Students receive prestigious research science scholarships


Persons of the Week


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Photo by Courtesy of David Kolchmeyer |

“I was fascinated by the fact that there could be more fundamental order in nature that’s waiting to be discovered.” David Kolchmeyer: Barry M. Goldwater Scholarship Recipient


This year’s winners of the Barry M. Goldwater Scholarship include a student researching high-energy collisions at the Large Hadron Collider in Switzerland and a student working to improve liver transplantation.

University students David Kolchmeyer and Josh Yarmush have been recognized as two of this year’s Goldwater scholars for their individual successes in academia and scientific research.

“Being named a Goldwater scholar is a singular and significant benchmark in the career of any young scientist, mathematician, or engineer,” said Arthur Casciato, director of the University’s Office of Distinguished Fellowships.

The Barry M. Goldwater Scholarship awards 278 scholarships of up to $7,500 to qualified students in scientific fields. Only four students can be presented for consideration from any university, Casciato said.

Photo: Courtesy of Josh Yarmush

“The boundless opportunity for discovery and innovation was just like nothing I’d experienced before.” Josh Yarmush: Barry M. Goldwater Scholarship Recipient

Among the awards he administers for the University, the Goldwater award places the highest premium on grade point average, he said. The average GPA of a Goldwater scholar is 3.95.

A high GPA is relevant but not the deciding factor in selection, he said.

“Goldwater is all about research at the bench, and both David and Josh have sterling records of accomplishment in their respective fields,” he said.

The application included a lot of short-answer questions, said Kolchmeyer, a School of Arts and Sciences junior.

“They just asked about my research experience … and why I wanted to pursue a career in science,” he said.

Kolchemeyer said one essay required applicants to identify a problem they had encountered in their research.

He said he works on his research with the University’s high-energy experimental physics group.    

“We get data from the Large Hadron Collider … to look for new physics,” Kolchmeyer said.

The Large Hadron Collider is a 27-kilometer-long accelerator located underground on the border between Switzerland and France which smashes protons together at high energies.

“Hopefully at these very high energies, new kinds of physical interactions can happen that we don’t know of,” he said.

The whole purpose of physics is to observe try to explain and predict natural phenomena.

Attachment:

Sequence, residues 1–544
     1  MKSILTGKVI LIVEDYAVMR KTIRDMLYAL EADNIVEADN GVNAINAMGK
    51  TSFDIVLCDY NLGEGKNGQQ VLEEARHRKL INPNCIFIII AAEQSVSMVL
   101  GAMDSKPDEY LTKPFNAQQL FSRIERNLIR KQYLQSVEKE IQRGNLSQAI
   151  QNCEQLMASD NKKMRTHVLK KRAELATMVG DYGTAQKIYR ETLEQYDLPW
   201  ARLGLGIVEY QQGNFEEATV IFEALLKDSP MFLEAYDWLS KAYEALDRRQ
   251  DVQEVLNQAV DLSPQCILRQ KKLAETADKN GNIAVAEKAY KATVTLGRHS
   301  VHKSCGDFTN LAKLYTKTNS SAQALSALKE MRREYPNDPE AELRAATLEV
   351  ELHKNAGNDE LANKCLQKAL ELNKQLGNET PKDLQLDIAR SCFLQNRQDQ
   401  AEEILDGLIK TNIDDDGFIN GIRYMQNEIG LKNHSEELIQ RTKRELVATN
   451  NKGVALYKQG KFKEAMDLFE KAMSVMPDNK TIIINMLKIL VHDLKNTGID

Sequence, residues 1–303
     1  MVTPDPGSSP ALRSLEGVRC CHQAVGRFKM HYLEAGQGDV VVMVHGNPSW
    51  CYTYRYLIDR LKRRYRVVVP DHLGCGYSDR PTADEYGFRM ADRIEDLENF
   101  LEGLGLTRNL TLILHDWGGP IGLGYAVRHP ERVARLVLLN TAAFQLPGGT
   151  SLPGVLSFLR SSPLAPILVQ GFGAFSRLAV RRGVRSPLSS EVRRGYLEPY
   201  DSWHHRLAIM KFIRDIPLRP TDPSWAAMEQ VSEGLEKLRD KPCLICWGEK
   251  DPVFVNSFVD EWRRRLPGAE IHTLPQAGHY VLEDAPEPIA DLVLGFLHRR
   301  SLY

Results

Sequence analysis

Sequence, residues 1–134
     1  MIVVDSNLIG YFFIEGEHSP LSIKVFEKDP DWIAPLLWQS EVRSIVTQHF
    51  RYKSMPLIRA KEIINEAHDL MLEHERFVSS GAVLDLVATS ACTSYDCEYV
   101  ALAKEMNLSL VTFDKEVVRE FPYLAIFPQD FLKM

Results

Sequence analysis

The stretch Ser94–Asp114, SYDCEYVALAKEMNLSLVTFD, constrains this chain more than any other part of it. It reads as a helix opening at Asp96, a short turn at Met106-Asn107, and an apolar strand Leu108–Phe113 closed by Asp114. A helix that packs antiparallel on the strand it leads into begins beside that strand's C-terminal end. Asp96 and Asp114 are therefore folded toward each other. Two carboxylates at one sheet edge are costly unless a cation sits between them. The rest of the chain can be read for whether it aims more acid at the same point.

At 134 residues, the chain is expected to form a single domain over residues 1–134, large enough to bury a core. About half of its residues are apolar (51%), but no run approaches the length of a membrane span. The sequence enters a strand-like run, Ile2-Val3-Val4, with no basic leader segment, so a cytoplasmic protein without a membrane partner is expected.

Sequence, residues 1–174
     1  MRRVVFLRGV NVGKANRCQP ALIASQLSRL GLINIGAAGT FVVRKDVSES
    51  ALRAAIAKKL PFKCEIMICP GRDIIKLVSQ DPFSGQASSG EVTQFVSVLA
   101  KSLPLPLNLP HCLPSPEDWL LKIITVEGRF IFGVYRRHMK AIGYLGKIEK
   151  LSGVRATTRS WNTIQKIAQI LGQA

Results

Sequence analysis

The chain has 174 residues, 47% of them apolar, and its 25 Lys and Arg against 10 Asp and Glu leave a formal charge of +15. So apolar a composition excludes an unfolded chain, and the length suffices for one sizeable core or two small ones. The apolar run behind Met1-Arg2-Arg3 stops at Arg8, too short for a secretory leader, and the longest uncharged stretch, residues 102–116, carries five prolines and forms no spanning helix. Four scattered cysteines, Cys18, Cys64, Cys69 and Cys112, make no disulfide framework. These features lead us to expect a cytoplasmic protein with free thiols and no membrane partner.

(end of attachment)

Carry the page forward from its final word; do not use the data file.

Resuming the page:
“There are still a lot of unanswered questions about physics at the fundamental level,” he said.

Kolchmeyer said his 10th grade chemistry class inspired his love of science.

“I was fascinated by the fact that there could be more fundamental order in nature that’s waiting to be discovered,” he said.

Kolchmeyer will be traveling to Switzerland this summer to work on-location with the Large Hadron Collider he retrieves data from at his laboratory at the University.

“Its not just about me, but it’s the fact that Rutgers offers so many opportunities for undergraduates to get involved and then maybe be able to get something like the Goldwater scholarship,” he said.

Yarmush, a School of Engineering junior, said he works in the Department of Biomedical Engineering under Professor Francois Berthiaume on liver transplantation.

“There are about 2000 livers thrown out every year that could be eligible for transplantation,” he said.

Those livers are thrown away because of their high fat content, something that would lead to a negative physiological response after transplantation, he said.

Yarmush said his research contributes to a project that seeks to remove the liver from a donor’s body and defat it, allowing for successful transplantation.

Yarmush has worked on building a mathematical model of a liver metabolism, he said, as well as developing the methodology for introducing a defatting substance into the liver.

Without a mathematical model, he would have to test hundreds of thousands of chemical compounds to determine what substances could potentially defat the liver, Yarmush said.

“A mathematical model [allows] you to run all of these different simulations in a very short [amount of time],” he said.

Yarmush said he has always liked science and math more than humanities.

He found satisfaction in a field where there was an objective right answer, he said, and where drugs can be created that can cure diseases.

Yarmush began his research experience in high school in Shriners Hospital in Boston, an affiliate of Massachusetts General Hospital, Harvard University and Massachusetts Institute of Technology, he said.

“The boundless opportunity for discovery and innovation was just like nothing I’d experienced before,” he said.

Yarmush said he will spend this summer continuing his research at the University’s biomedical engineering department.

“I’m so thankful to so many people … I won the award, but I feel like other people deserve it more,” he said.


By Simon Galperin

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